Tyranny versus TLC: Five Negotiation
Steps for Managers
by Ed Brodow
Donald Trump's TV show, "The Apprentice," employees are told: "If you
don't measure up, you're fired!" An old boss of mine would have loved
"The Apprentice." I was one of eight experienced sales representatives
transferred to his department from another division. On our first day
in the new department, we were ushered into his office, shook hands, and
sat down. I will never forget the first thing he said to us.
Not "Good morning" or "Welcome to my department."
He said: "I fired 125 people last year and I'm proud of it!"
Imagine the effect his statement had on the group. Were we motivated?
Inspired? I know that I wasn't. I was disgusted. This approach to managing
people - by fear - has long been the norm in the corporate world, and
it accounts for much of the dissatisfaction in the workplace. Studies
have shown that the number-one reason for stress on the job is the boss.
If management's goal is to get employees to do what it wants, this style
of management by fear is counterproductive.
I prefer a more affectionate system of management, derived from my Three
Rules for Win-Win Negotiating (see my book, Negotiation
1. Treat each employee as an individual.
The affection-based manager does not try to intimidate his employees,
but rather encourages them to apply their strengths in areas where they
can make the optimum contribution. He finds a way to utilize each person's
unique attributes to foster cooperation in service of the company.
When I worked as a sales rep for IBM in the '70s, I once alerted my manager
to a threat from a competitor who was going after our largest customer.
Unfortunately for him, my manager didn't see me as an individual who could
make a genuine contribution to the company.
"You are just a junior marketing representative," he told me. "You don't
have the necessary experience to be able to analyze our overall account
strategy. You couldn't possibly be right about this situation."
He was wrong - my prediction turned out to be dead-on. But by the time
my manager realized it, it was too late. That taught me a lesson. When
I became a sales manager at Litton Industries, I tried to view each of
my reps as a partner rather than a subordinate, each with a set of unique
skills. Our product line consisted mainly of complex systems that required
sales reps to master a certain amount of knowledge. When it came to my
attention that one of my reps didn't have a sophisticated understanding
of our big, complex systems, instead of firing or demoting him, I asked
him to concentrate on smaller systems. It worked. He broke the company
record for selling small systems. Had I taken the "Apprentice" approach
and punished him for his poor performance with the complex systems, I
would have lost a valuable member of our sales team.
2. Develop trust by listening.
A client of mine with a network of dental offices set up a series of procedures
for his employees to follow when dealing with patients. But his employees
refused to follow the rules. My client took an adversarial, disrespectful
position - "I'm the boss, do as I say" was his attitude. He scolded, threatened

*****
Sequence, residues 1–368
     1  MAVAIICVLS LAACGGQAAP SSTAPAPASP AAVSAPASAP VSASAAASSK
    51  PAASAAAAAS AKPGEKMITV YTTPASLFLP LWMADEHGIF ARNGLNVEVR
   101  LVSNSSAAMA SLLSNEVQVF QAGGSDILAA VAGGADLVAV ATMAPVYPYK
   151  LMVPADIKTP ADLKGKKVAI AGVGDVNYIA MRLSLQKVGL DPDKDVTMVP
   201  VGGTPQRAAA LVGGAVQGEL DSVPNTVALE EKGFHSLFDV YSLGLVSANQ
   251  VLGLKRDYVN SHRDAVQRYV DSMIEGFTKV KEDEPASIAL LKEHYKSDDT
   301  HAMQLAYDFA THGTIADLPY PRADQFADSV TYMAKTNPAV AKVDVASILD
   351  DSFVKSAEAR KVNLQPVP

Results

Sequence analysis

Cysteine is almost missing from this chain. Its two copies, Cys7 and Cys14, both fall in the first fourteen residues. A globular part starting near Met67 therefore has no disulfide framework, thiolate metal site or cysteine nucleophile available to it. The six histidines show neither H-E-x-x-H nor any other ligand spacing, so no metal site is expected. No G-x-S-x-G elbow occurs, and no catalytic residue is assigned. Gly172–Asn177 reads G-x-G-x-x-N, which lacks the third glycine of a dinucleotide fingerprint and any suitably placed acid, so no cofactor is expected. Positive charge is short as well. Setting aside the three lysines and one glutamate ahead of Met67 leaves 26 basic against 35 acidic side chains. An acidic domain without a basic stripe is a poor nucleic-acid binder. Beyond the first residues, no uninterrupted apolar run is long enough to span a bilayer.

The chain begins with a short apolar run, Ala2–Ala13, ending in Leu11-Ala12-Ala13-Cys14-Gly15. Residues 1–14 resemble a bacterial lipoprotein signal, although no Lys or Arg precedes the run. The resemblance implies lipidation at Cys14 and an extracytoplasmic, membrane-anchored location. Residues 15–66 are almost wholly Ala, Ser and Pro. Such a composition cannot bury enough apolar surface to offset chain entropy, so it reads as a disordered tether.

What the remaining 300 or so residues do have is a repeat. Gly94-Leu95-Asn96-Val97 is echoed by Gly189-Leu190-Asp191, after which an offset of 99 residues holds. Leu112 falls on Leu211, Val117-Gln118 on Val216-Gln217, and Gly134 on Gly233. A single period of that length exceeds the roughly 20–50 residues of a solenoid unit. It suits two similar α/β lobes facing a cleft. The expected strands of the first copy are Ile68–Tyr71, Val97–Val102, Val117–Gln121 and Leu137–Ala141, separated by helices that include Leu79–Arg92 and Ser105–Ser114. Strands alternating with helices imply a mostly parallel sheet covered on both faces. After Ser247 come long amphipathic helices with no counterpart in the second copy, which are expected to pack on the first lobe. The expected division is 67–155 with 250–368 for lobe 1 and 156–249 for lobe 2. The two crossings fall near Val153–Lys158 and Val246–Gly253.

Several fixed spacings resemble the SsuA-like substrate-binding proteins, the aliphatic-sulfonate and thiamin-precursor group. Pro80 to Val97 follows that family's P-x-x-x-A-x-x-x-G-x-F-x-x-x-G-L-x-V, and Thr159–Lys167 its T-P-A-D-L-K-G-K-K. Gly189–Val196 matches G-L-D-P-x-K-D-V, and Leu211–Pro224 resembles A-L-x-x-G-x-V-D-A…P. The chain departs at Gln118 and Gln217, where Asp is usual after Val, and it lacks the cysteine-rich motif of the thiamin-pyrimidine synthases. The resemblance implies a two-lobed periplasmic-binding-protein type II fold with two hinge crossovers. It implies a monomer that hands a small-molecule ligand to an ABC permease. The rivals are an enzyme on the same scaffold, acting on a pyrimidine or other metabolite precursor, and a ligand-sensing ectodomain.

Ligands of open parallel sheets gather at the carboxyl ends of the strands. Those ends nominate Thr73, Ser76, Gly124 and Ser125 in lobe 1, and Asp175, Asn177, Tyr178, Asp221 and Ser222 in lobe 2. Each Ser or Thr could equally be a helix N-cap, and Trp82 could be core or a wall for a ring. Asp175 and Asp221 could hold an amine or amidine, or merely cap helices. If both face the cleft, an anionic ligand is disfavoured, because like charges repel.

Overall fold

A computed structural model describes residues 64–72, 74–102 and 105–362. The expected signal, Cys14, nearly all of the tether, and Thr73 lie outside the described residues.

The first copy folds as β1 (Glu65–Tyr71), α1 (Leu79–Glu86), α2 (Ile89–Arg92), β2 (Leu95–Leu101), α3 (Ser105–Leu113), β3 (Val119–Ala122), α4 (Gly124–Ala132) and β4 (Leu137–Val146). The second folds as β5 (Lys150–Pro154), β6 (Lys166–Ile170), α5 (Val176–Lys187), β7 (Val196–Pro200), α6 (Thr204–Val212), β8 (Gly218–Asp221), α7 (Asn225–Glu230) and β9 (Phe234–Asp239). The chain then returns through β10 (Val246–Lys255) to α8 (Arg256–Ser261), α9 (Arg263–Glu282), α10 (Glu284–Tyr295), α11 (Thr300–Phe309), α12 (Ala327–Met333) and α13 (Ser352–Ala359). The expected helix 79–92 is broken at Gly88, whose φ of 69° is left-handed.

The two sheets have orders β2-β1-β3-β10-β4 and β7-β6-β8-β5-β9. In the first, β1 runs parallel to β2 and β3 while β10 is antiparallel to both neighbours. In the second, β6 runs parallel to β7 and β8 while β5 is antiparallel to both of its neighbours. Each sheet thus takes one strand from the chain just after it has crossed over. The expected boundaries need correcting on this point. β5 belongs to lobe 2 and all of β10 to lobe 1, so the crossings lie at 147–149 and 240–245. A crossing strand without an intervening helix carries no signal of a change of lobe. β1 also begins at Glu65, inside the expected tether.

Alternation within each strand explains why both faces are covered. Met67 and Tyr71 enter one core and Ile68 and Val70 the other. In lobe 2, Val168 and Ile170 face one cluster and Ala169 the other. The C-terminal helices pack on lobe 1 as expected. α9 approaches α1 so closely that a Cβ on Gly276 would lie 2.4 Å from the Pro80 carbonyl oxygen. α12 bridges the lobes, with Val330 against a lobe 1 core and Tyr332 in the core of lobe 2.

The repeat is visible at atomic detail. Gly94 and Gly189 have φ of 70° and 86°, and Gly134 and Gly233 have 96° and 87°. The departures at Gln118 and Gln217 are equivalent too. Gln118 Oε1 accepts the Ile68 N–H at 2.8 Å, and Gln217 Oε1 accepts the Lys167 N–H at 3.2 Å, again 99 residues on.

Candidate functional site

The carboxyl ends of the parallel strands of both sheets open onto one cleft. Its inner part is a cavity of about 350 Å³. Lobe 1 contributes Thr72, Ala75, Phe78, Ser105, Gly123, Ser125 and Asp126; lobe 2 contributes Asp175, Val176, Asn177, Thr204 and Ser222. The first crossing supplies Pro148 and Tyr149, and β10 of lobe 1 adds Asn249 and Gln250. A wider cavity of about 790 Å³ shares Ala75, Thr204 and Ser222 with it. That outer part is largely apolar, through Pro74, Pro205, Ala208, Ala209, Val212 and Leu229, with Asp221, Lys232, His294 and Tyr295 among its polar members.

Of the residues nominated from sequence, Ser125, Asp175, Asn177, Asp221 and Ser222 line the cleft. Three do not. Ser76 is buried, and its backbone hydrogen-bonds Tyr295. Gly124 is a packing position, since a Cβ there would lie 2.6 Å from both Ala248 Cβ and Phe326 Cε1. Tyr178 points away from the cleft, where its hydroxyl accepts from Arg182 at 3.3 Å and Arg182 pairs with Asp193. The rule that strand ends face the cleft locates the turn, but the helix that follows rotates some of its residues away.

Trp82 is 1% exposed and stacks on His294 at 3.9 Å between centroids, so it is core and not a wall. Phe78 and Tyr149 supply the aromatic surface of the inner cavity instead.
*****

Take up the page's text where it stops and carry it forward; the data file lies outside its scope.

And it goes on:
and even fired one person as an example to the others. Nothing worked
until we convinced the client to show his employees respect by listening.
So he set up a meeting in which the staff could air their grievances and
make suggestions for improving the rules. My client finally heard what
they had to say, and together they created a new set of office procedures
that the employees were happy to follow - and that ended up being much
3. Provide clear objectives.
One leading cause of workplace stress is confusion over expectations.
When employees have clear guidelines for job objectives, this confusion
disappears. The best manager I ever had would first describe the task
and then give me options for how to accomplish it in my own way. It was
the most productive period in my corporate career. Effective managers
do not say, "Do it this way because I say so." They describe the objective,
telling subordinates what to do but not how to do it. If an employee's
skill set is in sync with her position, and she understands her objectives,
she will get the job done. The manager's function is to provide clear
options that lead to the desired result.
4. Involve subordinates in decision making.
Affection-based managers make subordinates feel that they are part of
the decision-making process. Because they are involved in the process,
they have a stake in the outcome. They can later see how they contributed
to the end product, and they enjoy a sense of completion. Workers who
feel that they are an integral part of an operation are far more productive
than those who do not. Employees who are able to see the fruits of their
labor and ideas derive a strong sense of satisfaction from their jobs.
5. Give constructive criticism.
People who manage by fear are often abusive in their application of criticism.
In adversarial management, criticism is a tool for bullying. The affection-based
manager, however, uses constructive criticism - criticism that encourages
you to correct the mistake without insulting or offending. Sometimes criticism
is called for, but if it is delivered in an objective, affirming and kind
way, it will make employees want to do better in the future, not feel
shame about their mistakes.
Ed Brodow is a keynote speaker and negotiation guru on PBS, ABC News, Fox News,
and Inside Edition. He is the author of Negotiation Boot Camp:
How to Resolve Conflict, Satisfy Customers, and Make Better Deals. For
more information on his keynotes and seminars, call 831-372-7270, e-mail firstname.lastname@example.org,
and visit Brodow.com.
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